Sampling results from the third round of Friends of the Mad River’s Mad River Watch Program show no sites with unfavorable swimming conditions as of July 11. After a weekend of intermittent and scattered showers, the water on Monday morning at the time of sampling was declining. Prior to Monday’s sampling, sediments and pollutants from the land into the river and streams had likely already flushed through the watershed and onto the Winooski River and Lake Champlain.
The flow condition of the Mad River at the time of sampling Monday morning was high and declining (HD), measuring approximately 201 cubic feet per second (cfs) at the USGS flow gage in Moretown. The flow peaked at 228 cfs on Sunday evening at around 9:15 p.m. This “high” flow level is relative to the normal this time of year. The median flow for this date is 140 cfs.
Rains can cause E. coli levels to fluctuate, even on an hourly basis, as water carrying pathogens moves down the watershed. The Friends of the Mad River E. coli sampling results are a snapshot in time intended to give people a sense of the conditions that lead to high pathogen levels in the water.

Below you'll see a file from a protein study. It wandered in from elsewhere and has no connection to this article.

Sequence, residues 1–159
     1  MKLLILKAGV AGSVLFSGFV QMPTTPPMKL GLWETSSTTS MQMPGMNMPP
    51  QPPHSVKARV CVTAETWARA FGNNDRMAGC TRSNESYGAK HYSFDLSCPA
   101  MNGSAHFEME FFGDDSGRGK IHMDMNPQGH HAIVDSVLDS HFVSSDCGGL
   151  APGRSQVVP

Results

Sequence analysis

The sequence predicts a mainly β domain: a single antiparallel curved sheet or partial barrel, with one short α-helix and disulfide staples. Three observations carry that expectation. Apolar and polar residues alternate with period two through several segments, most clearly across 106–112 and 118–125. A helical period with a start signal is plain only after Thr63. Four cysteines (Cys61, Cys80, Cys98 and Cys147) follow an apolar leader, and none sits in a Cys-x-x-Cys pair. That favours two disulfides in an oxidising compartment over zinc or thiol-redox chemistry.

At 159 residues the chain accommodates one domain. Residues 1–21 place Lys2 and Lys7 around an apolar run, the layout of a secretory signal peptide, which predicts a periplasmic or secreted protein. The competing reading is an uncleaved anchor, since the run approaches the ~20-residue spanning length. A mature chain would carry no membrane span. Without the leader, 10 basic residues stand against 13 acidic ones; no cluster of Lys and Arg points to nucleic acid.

“You and your good judgment are your best protector -- use common sense and don't swim for at least 24 hours after a substantive rain. It is estimated that at the level of 235 colonies E. coli per 100 mL water, approximately eight out of every 1,000 swimmers are likely to contract a waterborne illness related to fecal contamination,” said Friends of the Mad River executive director Corrie Miller.
This week’s Mad River Watch volunteers included Charlie Baldwin, Richard Czaplinski, Susy Deane, Chase Fortier, Kinny Perot, Fran and Gary Plewak, and Michael Ware. Susanne and George Schaefer drove water samples to the lab in Burlington for phosphorus, nitrogen and turbidity analysis. Sally Boudreau posted data at swim holes across the watershed. Paula Baldwin has taken over the helm as lab coordinator this year.
“The river connects our Mad River Valley community and its clean water is a measure of our success as stewards of the land. For more information about E. coli and the Mad River Watch program and to view our most recent complete data report please visit the Friends of the Mad River website at www.FriendsoftheMadRiver.org. Results are also available on Facebook (“Friends of the Mad River”) and on sign posts at swim holes across The Valley,” Miller said.